Jan 29

Jan. 29.10: Minaya thinking positive.

Mets GM Omar Minaya was in full defense mode last night on SNY, saying among other things, he still has full autonomy, but sometimes decisions are a collaborative effort and he doesn’t care as long as the right decision is made.

PELFREY: A major if.

PELFREY: A major if.


Sounds good, but I didn’t expect to hear anything other than that on that topic. Anything other than that is a sign of weakness.

Most curious was his stance on the pitching.

John Lackey was the only difference maker in the free agent market, and I don’t believe the Mets were even in that game. Everything else in the market, he said, wasn’t significantly better than what the Mets already have.

The Mets’ three question marks – John Maine, Mike Pelfrey and Oliver Perez – when healthy are as good as what was on the market. In theory, if you take the best years of those three, Minaya would be correct.

So, the Mets’ pitching plans really were to hope they improve and stay healthy. Rarely, when a team has as many pitching questions as the Mets, that the answers all come up roses.

A significant key, and one I believe might be the most important this season, is the development of Pelfrey, who regressed after a good season in 2008. Even so, Pelfrey still managed double-digit victories.

“If we can get Mike Pelfrey to be the Mike Pelfrey of 2008,” Minaya said. “There’s upside there.”
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Jan 11

Jan. 11.10: McGwire comes clean.

McGWIRE: More than milk gave him that body.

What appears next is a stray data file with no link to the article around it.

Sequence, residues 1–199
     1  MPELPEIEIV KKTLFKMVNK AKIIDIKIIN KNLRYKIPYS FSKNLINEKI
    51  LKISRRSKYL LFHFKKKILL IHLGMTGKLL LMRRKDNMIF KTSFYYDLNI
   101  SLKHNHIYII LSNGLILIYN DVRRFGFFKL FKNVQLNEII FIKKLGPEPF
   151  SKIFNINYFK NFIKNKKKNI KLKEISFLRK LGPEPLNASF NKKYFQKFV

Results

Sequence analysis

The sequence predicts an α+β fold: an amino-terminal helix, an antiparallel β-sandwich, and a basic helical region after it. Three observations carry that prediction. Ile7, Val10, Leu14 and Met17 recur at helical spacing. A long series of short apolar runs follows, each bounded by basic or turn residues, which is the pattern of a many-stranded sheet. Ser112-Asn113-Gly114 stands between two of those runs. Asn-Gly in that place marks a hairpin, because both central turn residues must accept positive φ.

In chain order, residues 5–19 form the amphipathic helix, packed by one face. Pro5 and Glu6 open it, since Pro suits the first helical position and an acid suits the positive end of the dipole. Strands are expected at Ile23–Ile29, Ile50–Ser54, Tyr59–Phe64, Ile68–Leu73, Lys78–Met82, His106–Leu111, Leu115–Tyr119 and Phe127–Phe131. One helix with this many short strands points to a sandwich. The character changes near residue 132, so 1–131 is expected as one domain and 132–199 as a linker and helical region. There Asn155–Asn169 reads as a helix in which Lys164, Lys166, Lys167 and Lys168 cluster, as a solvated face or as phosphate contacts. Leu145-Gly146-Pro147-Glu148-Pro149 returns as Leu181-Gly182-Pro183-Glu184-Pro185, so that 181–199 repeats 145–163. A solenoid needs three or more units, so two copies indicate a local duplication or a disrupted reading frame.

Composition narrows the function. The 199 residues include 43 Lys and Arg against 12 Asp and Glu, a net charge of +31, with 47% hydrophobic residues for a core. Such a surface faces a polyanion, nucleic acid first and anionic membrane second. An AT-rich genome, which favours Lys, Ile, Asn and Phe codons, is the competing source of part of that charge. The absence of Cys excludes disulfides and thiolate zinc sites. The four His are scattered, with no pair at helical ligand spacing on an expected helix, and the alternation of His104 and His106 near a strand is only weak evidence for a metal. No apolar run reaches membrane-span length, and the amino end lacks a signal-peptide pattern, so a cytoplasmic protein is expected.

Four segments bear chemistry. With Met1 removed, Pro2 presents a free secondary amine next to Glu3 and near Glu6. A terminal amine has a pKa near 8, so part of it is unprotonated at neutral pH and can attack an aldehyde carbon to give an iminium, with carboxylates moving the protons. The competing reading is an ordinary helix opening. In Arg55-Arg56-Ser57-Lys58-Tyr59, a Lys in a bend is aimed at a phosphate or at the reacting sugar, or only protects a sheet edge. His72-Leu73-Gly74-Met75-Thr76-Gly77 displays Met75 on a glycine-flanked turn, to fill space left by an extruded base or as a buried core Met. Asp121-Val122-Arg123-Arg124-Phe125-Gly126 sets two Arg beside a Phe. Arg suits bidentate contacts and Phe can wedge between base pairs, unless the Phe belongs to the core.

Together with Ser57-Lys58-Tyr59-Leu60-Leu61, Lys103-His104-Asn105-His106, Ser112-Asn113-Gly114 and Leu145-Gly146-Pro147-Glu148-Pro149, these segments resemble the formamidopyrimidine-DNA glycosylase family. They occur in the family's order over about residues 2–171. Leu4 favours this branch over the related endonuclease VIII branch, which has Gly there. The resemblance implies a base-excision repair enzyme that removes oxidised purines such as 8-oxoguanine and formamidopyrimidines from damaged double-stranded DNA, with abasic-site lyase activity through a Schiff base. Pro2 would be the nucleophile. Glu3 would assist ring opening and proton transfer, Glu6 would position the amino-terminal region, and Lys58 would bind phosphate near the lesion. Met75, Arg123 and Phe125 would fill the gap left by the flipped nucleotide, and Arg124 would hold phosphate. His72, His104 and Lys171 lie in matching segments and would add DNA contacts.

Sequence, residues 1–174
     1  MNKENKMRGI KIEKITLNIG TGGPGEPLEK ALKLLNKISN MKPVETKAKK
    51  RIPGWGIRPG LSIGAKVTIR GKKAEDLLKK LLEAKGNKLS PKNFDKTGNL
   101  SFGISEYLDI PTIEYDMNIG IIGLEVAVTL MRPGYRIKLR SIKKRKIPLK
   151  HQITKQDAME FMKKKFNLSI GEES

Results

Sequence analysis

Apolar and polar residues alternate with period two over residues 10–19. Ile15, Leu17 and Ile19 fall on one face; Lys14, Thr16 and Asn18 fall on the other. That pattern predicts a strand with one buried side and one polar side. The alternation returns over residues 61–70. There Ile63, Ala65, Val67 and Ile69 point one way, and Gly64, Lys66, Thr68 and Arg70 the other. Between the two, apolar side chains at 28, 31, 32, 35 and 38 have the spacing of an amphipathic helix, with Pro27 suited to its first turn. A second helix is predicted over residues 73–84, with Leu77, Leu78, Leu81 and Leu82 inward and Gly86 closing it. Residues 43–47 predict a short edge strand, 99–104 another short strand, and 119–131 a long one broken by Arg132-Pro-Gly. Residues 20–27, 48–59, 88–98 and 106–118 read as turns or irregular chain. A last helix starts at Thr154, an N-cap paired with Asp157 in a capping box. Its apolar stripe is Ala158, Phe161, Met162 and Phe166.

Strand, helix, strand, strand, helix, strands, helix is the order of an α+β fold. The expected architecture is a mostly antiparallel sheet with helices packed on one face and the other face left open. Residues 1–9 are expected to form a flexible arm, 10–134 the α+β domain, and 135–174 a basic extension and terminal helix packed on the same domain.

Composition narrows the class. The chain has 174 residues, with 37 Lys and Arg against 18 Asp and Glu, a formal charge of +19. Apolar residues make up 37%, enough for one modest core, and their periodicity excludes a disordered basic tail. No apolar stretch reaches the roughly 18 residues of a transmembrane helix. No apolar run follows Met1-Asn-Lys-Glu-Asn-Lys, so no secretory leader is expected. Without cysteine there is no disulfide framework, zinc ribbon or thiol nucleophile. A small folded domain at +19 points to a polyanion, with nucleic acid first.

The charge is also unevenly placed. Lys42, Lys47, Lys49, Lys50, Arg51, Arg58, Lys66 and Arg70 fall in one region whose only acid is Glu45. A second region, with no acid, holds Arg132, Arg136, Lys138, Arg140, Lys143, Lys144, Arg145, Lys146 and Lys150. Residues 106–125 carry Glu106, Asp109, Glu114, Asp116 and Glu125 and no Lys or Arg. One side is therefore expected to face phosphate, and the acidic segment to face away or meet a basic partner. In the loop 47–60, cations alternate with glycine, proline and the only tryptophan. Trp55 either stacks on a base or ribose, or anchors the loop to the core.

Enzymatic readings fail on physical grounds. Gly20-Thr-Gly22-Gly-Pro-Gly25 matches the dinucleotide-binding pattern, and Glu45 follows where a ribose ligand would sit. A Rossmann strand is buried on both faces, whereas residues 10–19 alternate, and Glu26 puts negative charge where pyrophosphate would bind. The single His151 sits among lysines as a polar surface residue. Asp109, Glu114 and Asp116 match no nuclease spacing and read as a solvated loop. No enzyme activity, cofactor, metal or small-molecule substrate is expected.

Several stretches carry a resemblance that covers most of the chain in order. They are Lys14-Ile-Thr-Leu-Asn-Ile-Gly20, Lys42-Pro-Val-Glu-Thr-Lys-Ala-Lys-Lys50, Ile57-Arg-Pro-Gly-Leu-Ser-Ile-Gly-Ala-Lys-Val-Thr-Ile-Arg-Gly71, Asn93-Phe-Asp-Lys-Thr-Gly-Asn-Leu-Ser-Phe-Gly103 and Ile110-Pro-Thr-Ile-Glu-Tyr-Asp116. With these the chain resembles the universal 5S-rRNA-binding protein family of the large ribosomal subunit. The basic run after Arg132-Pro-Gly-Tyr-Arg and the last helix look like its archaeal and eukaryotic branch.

McGWIRE: More than milk gave him that body.

Saying he knew this day would eventually come, Mark McGwire released a statement today to the AP admitting his use of steroids. McGwire hit 583 career homers in 16 seasons, and before the steroid era he would have been a shoo-in for the Hall of Fame.

McGwire has been barely a blip of the Hall of Fame radar screen since his retirement. Many writers, myself included, said they wouldn’t vote for McGwire or any other player linked to steroids. His admission will cause for some soul searching from those writers, myself included, as to their stance now.

Honestly, an admission doesn’t alter the fact he cheated, but it’s a way of being honest to the fans and to the game. For that, whatever McGwire’s motivation, deserves some consideration. I’ve always been a believer in second chances so I might be leaning in that direction. So, in that respect, personally I’m glad he did this as it will erase the cloud hovering over him.

In the Never-say-Never Department, McGwire, now a hitting instructor with the Cardinals, could be activated says manager Tony La Russa. Should that happen, the clock would go back and wouldn’t start ticking until he retires for good. It would be interesting to see the reaction McGwire would receive, but it would be more interesting to see if he has anything left for real.

McGWIRE: Whiffs in front of Congress.

McGWIRE: Whiffs in front of Congress.


Some excerpts to his release:

* “I wish I had never touched steroids. It was foolish and it was a mistake. I truly apologize. Looking back, I wish I had never played during the steroid era.”

• “I never knew when, but I always knew this day would come. It’s time for me to talk about the past and to confirm what people have suspected.”

• “I’m sure people will wonder if I could have hit all those home runs had I never taken steroids. I had good years when I didn’t take any, and I had bad years when I didn’t take any. I had good years when I took steroids, and I had bad years when I took steroids. But no matter what, I shouldn’t have done it and for that I’m truly sorry.”

Technically, McGwire never lied to Congress, he just looked weak saying he wasn’t there to talk about the past. Sammy Sosa, Barry Bonds, Alex Rodriguez, Gary Sheffield and Rafael Palmeiro – all with 500 career homers – have been linked, or suspected of using steriods.

Do you feel better about McGwire now, or didn’t it matter either way?